Classification Predictive Modeling

In machine learning, classification refers to a predictive modeling problem where a class label is predicted for a given example of input data.

Examples of classification problems include:

  • Given an example, classify if it is spam or not.
  • Given a handwritten character, classify it as one of the known characters.
  • Given recent user behavior, classify as churn or not.

From a modeling perspective, classification requires a training dataset with many examples of inputs and outputs from which to learn.

A model will use the training dataset and will calculate how to best map examples of input data to specific class labels. As such, the training dataset must be sufficiently representative of the problem and have many examples of each class label.

Class labels are often string values, e.g. “ spam ,” “ not spam ,” and must be mapped to numeric values before being provided to an algorithm for modeling. This is often referred to as label encoding, where a unique integer is assigned to each class label, e.g. “ spam ” = 0, “ no spam ” = 1.

There are many different types of classification algorithms for modeling classification predictive modeling problems.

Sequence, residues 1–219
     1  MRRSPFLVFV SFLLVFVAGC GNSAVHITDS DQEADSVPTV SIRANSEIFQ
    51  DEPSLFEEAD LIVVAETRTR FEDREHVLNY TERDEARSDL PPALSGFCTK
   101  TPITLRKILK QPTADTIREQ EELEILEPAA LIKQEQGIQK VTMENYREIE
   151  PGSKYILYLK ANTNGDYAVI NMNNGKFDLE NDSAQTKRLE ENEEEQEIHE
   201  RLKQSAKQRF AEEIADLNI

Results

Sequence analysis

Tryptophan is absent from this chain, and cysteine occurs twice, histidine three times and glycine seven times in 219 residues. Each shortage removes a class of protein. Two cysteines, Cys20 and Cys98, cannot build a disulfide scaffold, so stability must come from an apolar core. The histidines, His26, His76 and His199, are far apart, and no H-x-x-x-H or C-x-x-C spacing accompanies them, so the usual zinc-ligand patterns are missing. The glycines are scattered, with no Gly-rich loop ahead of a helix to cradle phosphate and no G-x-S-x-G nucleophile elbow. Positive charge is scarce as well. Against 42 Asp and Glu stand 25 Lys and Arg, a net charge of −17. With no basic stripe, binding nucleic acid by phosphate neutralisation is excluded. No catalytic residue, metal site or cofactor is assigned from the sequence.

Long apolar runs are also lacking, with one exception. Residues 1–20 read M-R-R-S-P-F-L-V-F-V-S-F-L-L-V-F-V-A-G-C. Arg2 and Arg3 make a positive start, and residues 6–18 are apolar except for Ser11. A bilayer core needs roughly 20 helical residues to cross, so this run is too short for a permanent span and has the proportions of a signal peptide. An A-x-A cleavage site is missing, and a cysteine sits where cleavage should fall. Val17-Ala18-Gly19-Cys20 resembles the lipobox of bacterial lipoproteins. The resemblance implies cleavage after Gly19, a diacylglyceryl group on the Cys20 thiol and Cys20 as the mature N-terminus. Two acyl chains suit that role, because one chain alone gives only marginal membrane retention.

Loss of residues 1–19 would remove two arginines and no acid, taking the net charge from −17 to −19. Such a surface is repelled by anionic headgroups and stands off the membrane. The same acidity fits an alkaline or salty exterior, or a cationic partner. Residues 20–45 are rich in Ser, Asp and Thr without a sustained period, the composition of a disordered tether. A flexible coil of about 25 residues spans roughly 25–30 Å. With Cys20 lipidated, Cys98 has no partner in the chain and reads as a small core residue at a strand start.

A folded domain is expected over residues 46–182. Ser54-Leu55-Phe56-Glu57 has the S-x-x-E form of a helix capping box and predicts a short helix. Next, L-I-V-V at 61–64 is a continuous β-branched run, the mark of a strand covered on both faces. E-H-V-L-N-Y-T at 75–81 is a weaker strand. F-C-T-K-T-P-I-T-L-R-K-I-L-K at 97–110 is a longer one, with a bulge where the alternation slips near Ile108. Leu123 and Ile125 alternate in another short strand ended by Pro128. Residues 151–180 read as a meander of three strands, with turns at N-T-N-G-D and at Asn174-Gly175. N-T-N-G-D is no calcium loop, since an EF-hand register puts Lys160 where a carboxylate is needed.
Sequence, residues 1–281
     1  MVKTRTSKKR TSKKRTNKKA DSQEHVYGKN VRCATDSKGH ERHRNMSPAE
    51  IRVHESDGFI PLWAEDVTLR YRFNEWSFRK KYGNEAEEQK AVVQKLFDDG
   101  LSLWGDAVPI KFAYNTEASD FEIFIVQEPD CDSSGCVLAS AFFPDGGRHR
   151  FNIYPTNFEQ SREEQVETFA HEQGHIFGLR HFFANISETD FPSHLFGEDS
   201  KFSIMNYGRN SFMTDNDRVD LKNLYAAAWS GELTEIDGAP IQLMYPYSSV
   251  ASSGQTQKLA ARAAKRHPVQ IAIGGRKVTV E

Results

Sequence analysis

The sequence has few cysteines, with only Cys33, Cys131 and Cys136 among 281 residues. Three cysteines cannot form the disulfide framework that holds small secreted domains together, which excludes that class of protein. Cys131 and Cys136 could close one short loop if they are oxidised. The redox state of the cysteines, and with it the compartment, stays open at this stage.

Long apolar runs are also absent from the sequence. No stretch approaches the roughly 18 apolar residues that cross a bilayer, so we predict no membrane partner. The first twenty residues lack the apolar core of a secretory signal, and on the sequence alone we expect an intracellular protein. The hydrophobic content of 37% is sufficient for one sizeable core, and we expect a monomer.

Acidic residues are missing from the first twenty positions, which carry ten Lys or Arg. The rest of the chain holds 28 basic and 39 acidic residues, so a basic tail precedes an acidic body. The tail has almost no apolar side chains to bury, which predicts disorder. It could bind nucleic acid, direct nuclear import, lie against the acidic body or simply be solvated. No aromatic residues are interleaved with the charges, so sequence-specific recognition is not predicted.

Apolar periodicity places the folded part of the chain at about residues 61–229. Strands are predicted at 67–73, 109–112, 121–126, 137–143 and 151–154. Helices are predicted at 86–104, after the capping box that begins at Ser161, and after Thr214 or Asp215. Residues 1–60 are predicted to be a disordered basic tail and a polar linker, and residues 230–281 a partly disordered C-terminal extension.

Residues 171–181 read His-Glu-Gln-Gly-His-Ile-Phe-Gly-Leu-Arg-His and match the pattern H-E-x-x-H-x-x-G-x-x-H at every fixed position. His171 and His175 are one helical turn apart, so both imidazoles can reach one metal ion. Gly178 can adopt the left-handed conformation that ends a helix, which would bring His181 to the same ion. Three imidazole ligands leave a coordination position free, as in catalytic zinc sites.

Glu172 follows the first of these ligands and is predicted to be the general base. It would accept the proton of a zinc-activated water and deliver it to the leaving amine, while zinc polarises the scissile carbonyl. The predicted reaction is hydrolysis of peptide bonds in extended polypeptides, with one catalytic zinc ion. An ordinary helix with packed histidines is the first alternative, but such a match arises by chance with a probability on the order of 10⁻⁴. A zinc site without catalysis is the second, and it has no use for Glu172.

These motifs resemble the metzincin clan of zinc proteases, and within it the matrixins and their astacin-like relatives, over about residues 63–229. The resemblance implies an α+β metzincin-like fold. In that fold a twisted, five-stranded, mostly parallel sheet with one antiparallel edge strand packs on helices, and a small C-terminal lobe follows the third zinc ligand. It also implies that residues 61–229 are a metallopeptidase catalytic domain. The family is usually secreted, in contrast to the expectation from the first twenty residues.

There is no good theory on how to map algorithms onto problem types; instead, it is generally recommended that a practitioner use controlled experiments and discover which algorithm and algorithm configuration results in the best performance for a given classification task.

Classification predictive modeling algorithms are evaluated based on their results. Classification accuracy is a popular metric used to evaluate the performance of a model based on the predicted class labels. Classification accuracy is not perfect but is a good starting point for many classification tasks.

Instead of class labels, some tasks may require the prediction of a probability of class membership for each example. This provides additional uncertainty in the prediction that an application or user can then interpret. A popular diagnostic for evaluating predicted probabilities is the ROC Curve.
There are perhaps four main types of classification tasks that you may encounter; they are:

  • Binary Classification
  • Multi-Class Classification
  • Multi-Label Classification
  • Imbalanced Classification